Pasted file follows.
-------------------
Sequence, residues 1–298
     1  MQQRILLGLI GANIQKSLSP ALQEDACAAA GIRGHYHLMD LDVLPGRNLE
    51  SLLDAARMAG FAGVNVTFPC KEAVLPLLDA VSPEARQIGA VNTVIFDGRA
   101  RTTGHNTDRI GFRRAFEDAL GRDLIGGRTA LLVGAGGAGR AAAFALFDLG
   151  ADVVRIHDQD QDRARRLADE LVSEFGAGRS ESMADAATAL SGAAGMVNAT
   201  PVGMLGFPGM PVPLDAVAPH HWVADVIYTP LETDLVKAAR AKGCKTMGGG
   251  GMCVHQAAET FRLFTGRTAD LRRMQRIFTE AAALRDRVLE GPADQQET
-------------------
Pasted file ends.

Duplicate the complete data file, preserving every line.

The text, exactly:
Sequence, residues 1–298
     1  MQQRILLGLI GANIQKSLSP ALQEDACAAA GIRGHYHLMD LDVLPGRNLE
    51  SLLDAARMAG FAGVNVTFPC KEAVLPLLDA VSPEARQIGA VNTVIFDGRA
   101  RTTGHNTDRI GFRRAFEDAL GRDLIGGRTA LLVGAGGAGR AAAFALFDLG
   151  ADVVRIHDQD QDRARRLADE LVSEFGAGRS ESMADAATAL SGAAGMVNAT
   201  PVGMLGFPGM PVPLDAVAPH HWVADVIYTP LETDLVKAAR AKGCKTMGGG
   251  GMCVHQAAET FRLFTGRTAD LRRMQRIFTE AAALRDRVLE GPADQQET